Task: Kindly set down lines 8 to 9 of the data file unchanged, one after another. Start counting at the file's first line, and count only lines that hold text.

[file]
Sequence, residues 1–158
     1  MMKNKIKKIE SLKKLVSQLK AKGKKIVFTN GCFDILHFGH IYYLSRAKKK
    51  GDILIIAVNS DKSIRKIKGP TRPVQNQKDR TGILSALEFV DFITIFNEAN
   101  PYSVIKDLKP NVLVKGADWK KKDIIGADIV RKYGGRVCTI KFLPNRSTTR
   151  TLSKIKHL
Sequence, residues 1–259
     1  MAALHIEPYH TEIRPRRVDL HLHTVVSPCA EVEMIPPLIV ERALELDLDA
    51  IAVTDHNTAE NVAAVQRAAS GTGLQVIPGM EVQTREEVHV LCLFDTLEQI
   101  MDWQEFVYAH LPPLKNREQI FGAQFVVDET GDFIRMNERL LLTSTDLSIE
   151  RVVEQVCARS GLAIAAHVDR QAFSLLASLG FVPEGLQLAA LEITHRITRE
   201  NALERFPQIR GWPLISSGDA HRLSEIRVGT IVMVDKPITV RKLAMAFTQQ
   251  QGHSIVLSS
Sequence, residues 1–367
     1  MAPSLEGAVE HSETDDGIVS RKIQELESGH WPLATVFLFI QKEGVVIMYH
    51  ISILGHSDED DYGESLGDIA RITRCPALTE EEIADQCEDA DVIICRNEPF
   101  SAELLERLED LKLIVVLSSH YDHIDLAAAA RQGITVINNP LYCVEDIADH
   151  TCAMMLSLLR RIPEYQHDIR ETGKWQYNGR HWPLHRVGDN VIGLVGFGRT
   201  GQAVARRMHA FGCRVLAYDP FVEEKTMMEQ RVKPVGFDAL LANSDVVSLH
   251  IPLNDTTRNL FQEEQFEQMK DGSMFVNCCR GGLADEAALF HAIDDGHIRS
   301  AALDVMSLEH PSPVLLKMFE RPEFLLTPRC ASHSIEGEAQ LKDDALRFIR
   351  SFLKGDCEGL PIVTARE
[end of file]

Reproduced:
    51  IAVTDHNTAE NVAAVQRAAS GTGLQVIPGM EVQTREEVHV LCLFDTLEQI
   101  MDWQEFVYAH LPPLKNREQI FGAQFVVDET GDFIRMNERL LLTSTDLSIE